Since 2010, The Learning Network has encouraged students to include The New York Times in their summer reading plans by way of a contest. The New York Times Summer Reading Contest kicked off this year with a webinar which included a discussion of ways to keep teenagers reading, writing, thinking, and learning on their own during the summer. English Department Chair Karen Gold P’11, ‘17 has assigned the summer reading contest in her junior classes for the past few years and she was featured on the webinar with Eric ’21, a participant from last year’s class.
To participate in the contest, students are invited to choose an article, photo, video, podcast, or graphic in The New York Times that sparked their interest and write a 300-word response explaining why. Judges in The New York Times newsroom pick and publish their favorite responses at the end of each week.
“I love this contest because it gives kids the opportunity to keep reading good non-fiction, along with the novels they are normally assigned to read over the summer. It also provides a weekly writing opportunity where they also practice critical thinking and build vocabulary,” said Gold.
From Gold’s experience, her students enjoy it and are surprised that they have so much choice. “I’m not telling them what to read--from cooking to sports to politics; whatever appeals to them.” Gold’s students also enjoy joining in the community of The New York Times summer reading contest. “They see their work published in The New York Times. Who doesn’t love that?”
The webinar also shared strategies to help students “find themselves and their interests in the news, to read actively and craft excellent short reader responses with inspiration from previous teen winners, and to write with voice and verve.”
Eric ‘21 said, “It opened my eyes to lots of things that I didn’t know about before. I began with topics like science fiction and space travel, but as the summer progressed I became more interested in politics. The contest sparked my interest in watching and reading the news. After the contest, I spent a lot more time reading about the current administration. Having the freedom to choose what I wanted to read was very enjoyable.”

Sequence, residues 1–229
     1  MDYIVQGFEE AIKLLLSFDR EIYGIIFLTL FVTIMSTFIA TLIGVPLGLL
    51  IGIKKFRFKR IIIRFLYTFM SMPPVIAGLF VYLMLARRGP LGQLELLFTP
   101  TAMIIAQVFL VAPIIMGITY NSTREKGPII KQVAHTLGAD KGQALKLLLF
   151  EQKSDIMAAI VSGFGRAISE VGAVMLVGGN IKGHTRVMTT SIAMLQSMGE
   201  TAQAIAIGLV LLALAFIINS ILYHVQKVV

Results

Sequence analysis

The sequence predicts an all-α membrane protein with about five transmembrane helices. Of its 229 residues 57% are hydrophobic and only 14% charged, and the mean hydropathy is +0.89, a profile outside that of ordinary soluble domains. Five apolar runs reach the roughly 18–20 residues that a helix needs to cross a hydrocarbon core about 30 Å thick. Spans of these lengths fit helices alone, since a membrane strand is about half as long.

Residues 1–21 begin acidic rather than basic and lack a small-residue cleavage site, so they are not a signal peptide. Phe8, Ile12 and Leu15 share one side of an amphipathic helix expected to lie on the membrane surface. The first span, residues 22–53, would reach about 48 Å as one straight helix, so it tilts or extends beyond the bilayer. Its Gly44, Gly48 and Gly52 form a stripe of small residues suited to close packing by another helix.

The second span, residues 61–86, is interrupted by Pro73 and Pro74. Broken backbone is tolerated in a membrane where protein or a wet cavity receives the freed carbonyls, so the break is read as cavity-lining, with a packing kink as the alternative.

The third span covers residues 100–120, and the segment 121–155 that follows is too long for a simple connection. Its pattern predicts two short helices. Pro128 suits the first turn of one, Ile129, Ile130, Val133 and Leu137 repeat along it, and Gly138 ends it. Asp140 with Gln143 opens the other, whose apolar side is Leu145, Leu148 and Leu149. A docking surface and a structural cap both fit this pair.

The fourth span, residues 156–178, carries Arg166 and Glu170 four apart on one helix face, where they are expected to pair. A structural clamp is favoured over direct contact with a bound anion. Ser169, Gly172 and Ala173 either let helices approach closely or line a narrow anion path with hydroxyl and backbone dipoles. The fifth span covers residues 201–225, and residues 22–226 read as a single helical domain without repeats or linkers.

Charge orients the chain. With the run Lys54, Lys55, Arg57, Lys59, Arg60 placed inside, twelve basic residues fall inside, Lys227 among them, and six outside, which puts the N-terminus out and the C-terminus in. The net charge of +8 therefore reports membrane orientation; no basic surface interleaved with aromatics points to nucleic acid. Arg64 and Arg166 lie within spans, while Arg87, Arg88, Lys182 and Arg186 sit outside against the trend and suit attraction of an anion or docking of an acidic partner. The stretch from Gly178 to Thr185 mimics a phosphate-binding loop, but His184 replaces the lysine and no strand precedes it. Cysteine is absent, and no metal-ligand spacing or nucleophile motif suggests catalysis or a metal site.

From The New York Times’ perspective, they really appreciate learning what kids are interested in: politics, health and cooking, and there’s so much interest in social justice and human rights. “We are thrilled when kids push back--when they say I read this opinion piece and I totally disagreed,” said Katherine Schulten, editor, The New York Times Learning Network. “We love real engagement. Kids come at us directly sometimes and tell what’s missing with our reporting.”
Gold also appreciates how accessible this contest is for kids. “Any high school student can do this--the choices are endless. This contest instantly brings kids into a global community. They are literally engaging with kids and different opinions from around the world. And they all have choices. If kids write about something that’s interesting to them, I contend that they write better.”
Gold was also selected as a participant in The New York Times Teaching Project. She was one of the teachers selected nationwide for this highly selective program. She will work with the Learning Network throughout the year to help develop a curriculum that connects with the newspaper.